The Full Wiki

Lemarchand's box: Wikis

Advertisements
  

Note: Many of our articles have direct quotes from sources you can cite, within the Wikipedia article! This article doesn't yet, but we're working on it! See more info or our list of citable articles.

Encyclopedia

From Wikipedia, the free encyclopedia

The Lament Configuration, as shown in Hellraiser

Lemarchand's box is a fictional lock puzzle or puzzle box appearing in horror stories by Clive Barker, or in works based on his original stories. The best known of these boxes is the Lament Configuration, which features prominently throughout the Hellraiser movie series. A Lemarchand box is a mystical/mechanical device that acts as a door — or a key to a door — to another dimension or plane of existence. The solution of the puzzle creates a bridge through which beings may travel in either direction across this "Schism". The inhabitants of these other realms may seem demonic to humans. An ongoing debate in the film series is whether the realm accessed by the Lament Configuration is intended to be the Christian version of Hell, or simply a generic dimension of endless pain and suffering.

Contents

Philip Lemarchand

The boxes were created by Philip Lemarchand, who is mentioned in The Hellbound Heart (the novella upon which the movie Hellraiser was based) as a maker of mechanical singing birds.

He first appeared as a character in the Epic Hellraiser comics series and was portrayed as an older man, though still a creator of toys and singing birds. This version, created with the support of Clive Barker, was a mass murderer who used human fat and bone in the construction of his boxes. He was aided by a material given to him by the Cenobite known as Baron.

The film Hellraiser: Bloodline, written several years later, portrays the character as much less morally reprehensible. In this version, Lemarchand is a young ingenious toymaker known for his intricate mechanical designs. The character Paul Merchant says in the film that the Lament Configuration was commissioned from Lemarchand by the Duc de l'Isle in 1784.

The Lament Configuration

The Lemarchand box that has become known in the film series as the Lament Configuration was introduced in The Hellbound Heart as "the Lemarchand Configuration". It appeared as an antique black lacquered cube, stylistically patterned after ancient Chinese puzzle boxes, of unparalleled workmanship. A clever individual with a passion for solving the puzzle might spend the better part of a day loosening the first piece. As described by Barker on the first page of the novella,

The interior surfaces were brilliantly polished. Frank's reflection — distorted, fragmented — skated across the lacquer.... Lemarchand, who had been in his time a maker of singing birds, had constructed the box so that opening it tripped a musical mechanism, which began to tinkle a short rondo of sublime banality.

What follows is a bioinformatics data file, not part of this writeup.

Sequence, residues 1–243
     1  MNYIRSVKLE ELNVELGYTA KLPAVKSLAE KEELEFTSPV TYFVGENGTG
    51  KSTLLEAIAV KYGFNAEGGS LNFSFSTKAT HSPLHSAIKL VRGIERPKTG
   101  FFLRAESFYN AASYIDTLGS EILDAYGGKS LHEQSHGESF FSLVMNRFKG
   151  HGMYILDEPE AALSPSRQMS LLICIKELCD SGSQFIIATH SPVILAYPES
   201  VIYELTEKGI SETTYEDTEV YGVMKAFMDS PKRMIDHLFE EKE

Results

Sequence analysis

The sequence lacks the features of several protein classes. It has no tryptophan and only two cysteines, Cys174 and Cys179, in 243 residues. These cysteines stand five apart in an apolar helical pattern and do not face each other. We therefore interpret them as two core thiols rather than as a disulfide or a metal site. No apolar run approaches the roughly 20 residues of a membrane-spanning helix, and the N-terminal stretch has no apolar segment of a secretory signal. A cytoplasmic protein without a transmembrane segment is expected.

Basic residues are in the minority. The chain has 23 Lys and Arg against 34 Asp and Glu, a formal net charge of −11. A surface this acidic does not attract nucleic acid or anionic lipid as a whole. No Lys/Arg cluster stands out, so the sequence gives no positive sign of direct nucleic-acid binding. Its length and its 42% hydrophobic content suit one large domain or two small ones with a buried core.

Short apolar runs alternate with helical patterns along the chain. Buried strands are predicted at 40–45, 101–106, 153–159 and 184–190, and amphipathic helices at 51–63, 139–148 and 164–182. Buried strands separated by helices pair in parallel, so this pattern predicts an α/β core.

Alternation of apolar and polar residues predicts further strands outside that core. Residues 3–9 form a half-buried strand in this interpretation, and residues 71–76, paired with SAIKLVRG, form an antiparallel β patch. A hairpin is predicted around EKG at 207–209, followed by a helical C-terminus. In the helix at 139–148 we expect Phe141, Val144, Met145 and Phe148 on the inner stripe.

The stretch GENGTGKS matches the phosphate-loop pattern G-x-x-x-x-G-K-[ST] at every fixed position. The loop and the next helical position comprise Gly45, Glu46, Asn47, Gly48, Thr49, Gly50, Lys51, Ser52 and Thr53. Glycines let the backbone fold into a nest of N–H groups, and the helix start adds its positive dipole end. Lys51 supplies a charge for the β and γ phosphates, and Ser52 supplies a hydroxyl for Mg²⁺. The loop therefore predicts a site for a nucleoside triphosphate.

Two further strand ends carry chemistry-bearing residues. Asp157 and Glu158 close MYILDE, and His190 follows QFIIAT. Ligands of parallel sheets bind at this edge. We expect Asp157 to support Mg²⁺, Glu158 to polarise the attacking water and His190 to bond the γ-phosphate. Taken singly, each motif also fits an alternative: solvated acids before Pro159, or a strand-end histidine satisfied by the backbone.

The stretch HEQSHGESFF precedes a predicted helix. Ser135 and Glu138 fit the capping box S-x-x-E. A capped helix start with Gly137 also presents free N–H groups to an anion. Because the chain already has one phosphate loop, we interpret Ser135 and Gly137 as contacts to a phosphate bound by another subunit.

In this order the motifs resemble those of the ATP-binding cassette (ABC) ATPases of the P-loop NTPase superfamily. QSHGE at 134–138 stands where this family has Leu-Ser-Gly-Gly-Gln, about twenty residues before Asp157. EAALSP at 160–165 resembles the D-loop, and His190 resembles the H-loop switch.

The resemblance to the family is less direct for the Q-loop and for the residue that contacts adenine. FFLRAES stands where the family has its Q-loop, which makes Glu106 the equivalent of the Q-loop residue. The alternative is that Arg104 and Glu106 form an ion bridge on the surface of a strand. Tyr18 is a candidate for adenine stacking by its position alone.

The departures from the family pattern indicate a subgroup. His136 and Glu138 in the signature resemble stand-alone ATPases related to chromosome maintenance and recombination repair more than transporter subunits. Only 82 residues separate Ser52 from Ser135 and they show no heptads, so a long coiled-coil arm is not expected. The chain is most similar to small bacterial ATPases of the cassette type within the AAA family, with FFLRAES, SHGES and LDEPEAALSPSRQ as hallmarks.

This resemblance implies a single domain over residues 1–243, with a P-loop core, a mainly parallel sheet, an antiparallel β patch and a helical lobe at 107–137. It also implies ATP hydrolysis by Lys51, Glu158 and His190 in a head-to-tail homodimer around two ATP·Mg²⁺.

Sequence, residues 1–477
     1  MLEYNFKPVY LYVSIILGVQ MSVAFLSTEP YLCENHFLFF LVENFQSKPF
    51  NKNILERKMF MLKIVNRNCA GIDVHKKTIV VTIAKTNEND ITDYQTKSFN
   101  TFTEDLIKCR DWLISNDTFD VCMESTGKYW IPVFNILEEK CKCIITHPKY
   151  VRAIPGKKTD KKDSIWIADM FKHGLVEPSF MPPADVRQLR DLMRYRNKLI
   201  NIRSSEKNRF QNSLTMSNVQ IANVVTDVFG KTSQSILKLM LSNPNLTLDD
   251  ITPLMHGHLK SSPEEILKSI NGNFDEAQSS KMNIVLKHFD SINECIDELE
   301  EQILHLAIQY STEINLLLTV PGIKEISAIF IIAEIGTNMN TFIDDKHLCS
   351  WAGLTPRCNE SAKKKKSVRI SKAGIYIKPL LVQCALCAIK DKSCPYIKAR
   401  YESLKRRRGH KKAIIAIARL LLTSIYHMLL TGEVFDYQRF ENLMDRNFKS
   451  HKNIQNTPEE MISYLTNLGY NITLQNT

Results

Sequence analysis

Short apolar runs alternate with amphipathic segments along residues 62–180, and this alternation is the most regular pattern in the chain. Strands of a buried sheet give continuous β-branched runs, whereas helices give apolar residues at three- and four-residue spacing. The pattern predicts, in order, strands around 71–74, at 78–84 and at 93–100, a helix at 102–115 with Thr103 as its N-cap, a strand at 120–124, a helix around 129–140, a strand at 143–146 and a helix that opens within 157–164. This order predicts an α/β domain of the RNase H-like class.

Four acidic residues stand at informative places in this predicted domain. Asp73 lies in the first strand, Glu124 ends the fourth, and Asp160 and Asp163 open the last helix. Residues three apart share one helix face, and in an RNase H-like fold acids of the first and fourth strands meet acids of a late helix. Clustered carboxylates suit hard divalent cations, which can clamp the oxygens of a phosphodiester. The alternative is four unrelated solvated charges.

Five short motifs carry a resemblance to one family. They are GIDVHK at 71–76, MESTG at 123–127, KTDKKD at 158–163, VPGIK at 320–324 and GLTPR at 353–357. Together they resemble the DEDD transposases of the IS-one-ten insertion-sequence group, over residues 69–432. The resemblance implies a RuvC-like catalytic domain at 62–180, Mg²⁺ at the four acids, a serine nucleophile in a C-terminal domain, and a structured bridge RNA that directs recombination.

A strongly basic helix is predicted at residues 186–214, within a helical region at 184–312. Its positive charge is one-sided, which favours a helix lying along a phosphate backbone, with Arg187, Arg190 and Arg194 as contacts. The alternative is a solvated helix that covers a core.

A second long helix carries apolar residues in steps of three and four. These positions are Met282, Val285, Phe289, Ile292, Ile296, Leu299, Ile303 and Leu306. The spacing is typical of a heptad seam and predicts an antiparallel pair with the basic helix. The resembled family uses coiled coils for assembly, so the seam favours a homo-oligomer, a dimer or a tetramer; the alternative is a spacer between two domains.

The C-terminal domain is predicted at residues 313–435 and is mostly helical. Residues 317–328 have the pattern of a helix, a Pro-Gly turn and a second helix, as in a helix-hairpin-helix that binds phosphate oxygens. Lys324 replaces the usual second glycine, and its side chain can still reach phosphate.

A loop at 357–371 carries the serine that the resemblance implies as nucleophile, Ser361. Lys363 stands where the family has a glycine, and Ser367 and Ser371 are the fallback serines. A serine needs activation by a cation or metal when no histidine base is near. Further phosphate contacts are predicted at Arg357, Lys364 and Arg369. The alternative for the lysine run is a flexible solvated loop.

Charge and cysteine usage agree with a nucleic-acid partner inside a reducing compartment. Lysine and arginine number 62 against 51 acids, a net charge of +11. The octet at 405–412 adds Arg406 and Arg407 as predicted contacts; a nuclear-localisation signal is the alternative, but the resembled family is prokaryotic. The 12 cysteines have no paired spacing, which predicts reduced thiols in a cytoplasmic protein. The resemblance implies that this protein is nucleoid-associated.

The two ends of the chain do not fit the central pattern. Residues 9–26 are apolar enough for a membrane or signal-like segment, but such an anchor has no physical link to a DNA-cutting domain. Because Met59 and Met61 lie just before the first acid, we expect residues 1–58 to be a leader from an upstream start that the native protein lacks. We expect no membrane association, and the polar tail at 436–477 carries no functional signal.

The tune continues to evolve as each additional piece is moved:

And there was music too; a simple tune emerged from the box, played on a mechanism that she could not yet see. Enchanted, she delved further. Though one piece had been removed, the rest did not come readily. Each segment presented a fresh challenge to fingers and mind, the victories rewarded with a further filigree added to the tune.

The puzzle draws the player onward until suddenly the puzzle is solved and the gateway is opened. As the puzzle is nearly completed, the sound of a large bell can be heard tolling mournfully. The sound comes from the realm of the Cenobites, and announces their impending arrival. Once the gate is opened, the box begins reassembling itself.

An important difference between the book and film versions — aside from the name — is that the film version of the box is merely twisted into new alignments or shapes, whereas the version in the novella is completely disassembled and reassembled. The film version is also trimmed in brass or gold, and appears to have arcane symbols etched on its surface. The novella version is completely smooth and has no obvious designs save for an almost imperceptible etching along the seams between the pieces, but seems to display the faces of its victims in the reflection of light over its surfaces.

Other boxes

Other Lemarchand boxes appear throughout the Hellraiser film series. Dr. Channard is depicted as a collector in Hellbound: Hellraiser II; he has several on display in his study. The demon princess Angelique is narrated to have created several in Hellraiser: Bloodline. The Host in Hellraiser: Hellworld also possesses several. Most of the boxes seen in the films are not named or used onscreen, so their powers — if any — are unknown. They may simply be fakes.

At the end of The Hellbound Heart, Kirsty wonders if there are other puzzles that might offer access to paradise instead of hell.

External links

Advertisements

Advertisements






Got something to say? Make a comment.
Your name
Your email address
Message